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Estate Tax Planning: RRSPs and Rollovers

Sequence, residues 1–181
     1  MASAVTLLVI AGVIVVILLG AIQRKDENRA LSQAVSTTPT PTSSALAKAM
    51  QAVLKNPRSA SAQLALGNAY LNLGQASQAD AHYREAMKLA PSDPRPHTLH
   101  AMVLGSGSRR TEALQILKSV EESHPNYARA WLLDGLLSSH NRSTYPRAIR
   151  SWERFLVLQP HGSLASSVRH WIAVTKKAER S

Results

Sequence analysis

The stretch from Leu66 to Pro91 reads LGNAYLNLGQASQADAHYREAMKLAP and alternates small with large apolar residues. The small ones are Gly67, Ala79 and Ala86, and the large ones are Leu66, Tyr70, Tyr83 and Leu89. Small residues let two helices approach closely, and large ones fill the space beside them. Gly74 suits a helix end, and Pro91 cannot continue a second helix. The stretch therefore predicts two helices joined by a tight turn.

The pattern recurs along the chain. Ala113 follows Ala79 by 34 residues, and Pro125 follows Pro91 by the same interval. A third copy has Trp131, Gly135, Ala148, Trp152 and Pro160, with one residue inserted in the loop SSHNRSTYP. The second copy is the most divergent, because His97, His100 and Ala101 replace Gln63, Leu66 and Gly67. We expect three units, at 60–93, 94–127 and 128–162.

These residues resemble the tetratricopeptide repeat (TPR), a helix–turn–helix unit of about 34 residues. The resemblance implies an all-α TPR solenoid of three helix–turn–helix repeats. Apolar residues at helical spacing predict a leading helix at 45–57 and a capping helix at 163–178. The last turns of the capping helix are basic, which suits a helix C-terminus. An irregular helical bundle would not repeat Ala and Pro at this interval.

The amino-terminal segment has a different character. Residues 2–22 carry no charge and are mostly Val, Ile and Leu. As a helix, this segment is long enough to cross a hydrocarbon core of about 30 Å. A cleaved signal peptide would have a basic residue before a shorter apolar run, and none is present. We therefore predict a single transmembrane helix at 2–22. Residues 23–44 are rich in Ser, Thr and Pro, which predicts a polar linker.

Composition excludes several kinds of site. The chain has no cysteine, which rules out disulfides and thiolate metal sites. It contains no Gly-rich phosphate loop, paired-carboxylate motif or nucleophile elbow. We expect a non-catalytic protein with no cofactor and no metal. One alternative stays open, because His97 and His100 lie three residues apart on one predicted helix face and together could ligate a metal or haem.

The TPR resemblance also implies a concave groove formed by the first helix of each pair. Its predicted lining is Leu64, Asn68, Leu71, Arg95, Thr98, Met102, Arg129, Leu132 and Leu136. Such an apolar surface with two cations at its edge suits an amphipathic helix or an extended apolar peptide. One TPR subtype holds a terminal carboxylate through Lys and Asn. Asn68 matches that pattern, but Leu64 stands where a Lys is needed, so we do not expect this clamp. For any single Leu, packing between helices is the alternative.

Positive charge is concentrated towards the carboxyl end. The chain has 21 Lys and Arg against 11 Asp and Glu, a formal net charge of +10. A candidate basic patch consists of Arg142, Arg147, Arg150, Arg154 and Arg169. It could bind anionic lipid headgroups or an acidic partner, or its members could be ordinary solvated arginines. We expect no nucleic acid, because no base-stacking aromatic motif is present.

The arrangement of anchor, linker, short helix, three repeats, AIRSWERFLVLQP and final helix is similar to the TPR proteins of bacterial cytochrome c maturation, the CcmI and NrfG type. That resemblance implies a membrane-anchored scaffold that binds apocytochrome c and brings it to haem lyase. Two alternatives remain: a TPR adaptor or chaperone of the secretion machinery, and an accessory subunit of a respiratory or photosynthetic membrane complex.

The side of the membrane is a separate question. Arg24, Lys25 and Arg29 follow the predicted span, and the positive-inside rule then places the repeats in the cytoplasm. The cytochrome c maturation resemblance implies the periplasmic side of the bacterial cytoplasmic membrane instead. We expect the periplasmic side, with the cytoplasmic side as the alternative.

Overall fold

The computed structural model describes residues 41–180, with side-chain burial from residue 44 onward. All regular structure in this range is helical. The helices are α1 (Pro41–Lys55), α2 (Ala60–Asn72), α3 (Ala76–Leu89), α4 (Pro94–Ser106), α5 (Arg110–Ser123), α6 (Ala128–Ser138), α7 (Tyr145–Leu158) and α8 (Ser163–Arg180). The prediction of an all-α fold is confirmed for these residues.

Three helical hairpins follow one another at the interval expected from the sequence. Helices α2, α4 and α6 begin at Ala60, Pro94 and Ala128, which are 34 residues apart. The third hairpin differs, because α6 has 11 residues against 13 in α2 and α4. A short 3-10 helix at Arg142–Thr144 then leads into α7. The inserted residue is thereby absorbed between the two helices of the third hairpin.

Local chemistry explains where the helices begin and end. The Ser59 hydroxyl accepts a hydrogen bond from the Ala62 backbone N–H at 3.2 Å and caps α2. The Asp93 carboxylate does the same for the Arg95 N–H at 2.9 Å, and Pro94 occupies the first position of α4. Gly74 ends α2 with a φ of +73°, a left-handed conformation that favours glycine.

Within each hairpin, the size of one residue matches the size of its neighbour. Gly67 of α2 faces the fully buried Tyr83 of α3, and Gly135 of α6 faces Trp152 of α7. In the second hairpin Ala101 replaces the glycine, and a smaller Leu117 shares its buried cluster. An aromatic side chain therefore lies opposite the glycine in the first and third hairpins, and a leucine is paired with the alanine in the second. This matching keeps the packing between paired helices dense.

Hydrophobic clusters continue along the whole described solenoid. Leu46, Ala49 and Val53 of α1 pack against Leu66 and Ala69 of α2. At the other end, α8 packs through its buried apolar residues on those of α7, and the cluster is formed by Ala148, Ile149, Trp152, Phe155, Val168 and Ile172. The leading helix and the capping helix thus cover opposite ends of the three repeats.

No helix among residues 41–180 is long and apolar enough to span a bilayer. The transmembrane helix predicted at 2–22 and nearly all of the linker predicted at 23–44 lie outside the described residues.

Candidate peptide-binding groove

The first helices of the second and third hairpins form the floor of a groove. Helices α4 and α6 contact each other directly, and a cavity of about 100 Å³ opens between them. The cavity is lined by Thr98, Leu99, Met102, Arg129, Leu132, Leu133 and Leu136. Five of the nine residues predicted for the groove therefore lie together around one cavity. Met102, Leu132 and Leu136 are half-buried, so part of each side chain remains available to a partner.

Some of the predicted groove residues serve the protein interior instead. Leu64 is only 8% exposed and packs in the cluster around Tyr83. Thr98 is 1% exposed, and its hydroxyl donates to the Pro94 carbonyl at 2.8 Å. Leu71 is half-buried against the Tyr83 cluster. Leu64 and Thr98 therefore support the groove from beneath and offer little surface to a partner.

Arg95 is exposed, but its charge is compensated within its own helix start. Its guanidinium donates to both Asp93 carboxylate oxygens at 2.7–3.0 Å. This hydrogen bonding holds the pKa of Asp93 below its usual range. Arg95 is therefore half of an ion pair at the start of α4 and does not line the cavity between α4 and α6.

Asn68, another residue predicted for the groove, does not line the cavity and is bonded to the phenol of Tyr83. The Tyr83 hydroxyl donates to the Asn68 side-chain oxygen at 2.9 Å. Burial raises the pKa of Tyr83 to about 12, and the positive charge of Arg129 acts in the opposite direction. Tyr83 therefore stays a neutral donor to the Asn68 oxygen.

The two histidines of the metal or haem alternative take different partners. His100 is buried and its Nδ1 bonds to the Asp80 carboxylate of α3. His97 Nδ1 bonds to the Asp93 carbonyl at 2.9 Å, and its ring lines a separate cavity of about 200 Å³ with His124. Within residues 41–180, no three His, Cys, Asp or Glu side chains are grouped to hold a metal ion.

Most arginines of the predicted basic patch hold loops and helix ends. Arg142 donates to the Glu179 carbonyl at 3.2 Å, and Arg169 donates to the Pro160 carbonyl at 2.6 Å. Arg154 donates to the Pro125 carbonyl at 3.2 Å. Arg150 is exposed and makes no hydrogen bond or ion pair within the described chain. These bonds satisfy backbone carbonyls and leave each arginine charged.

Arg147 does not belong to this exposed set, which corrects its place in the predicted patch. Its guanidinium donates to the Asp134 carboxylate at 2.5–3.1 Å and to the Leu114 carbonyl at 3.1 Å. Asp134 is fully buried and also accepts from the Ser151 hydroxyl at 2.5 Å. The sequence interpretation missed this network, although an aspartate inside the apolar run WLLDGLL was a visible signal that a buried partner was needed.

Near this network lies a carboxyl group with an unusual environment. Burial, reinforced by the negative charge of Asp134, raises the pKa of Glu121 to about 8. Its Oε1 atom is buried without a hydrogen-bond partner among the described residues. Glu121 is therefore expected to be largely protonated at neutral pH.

Registered Retirement Savings Plans (RRSPs)Like non-depreciable capital property and depreciable capital property, a spousal rollover is available for RRSPs. Money directly received by the spouse (as opposed to the estate of the taxpayer) by way of beneficiary designation is deemed to be income to the spouse and not the deceased. It is then possible for the taxpayer’s spouse to either include the proceeds of the RRSP in his or her income or, more likely, purchase an RRSP in his or her own name with the proceeds and thereby continue the tax deferral (ITA, s. 60(1)).The surviving spouse should make sure to make the RRSP contribution in, or in respect of, the same year that the income is deemed to have been received by redemption. Supposing that the death occurs in November and redemption occurs in December, a spouse would like to make the contribution by February 28 in the next year. When the proceeds of an RRSP are receivable by an estate, the estate and the spouse may jointly elect that the amounts are deemed as received by the spouse, thereby allowing the tax deferral to be preserved (ITA, ss. 146(8.2)(b),